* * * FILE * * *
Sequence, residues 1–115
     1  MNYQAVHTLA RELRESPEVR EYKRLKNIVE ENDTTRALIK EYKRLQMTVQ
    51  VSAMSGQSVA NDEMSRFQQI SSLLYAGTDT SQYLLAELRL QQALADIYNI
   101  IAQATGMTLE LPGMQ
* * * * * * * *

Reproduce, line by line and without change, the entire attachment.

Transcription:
Sequence, residues 1–115
     1  MNYQAVHTLA RELRESPEVR EYKRLKNIVE ENDTTRALIK EYKRLQMTVQ
    51  VSAMSGQSVA NDEMSRFQQI SSLLYAGTDT SQYLLAELRL QQALADIYNI
   101  IAQATGMTLE LPGMQ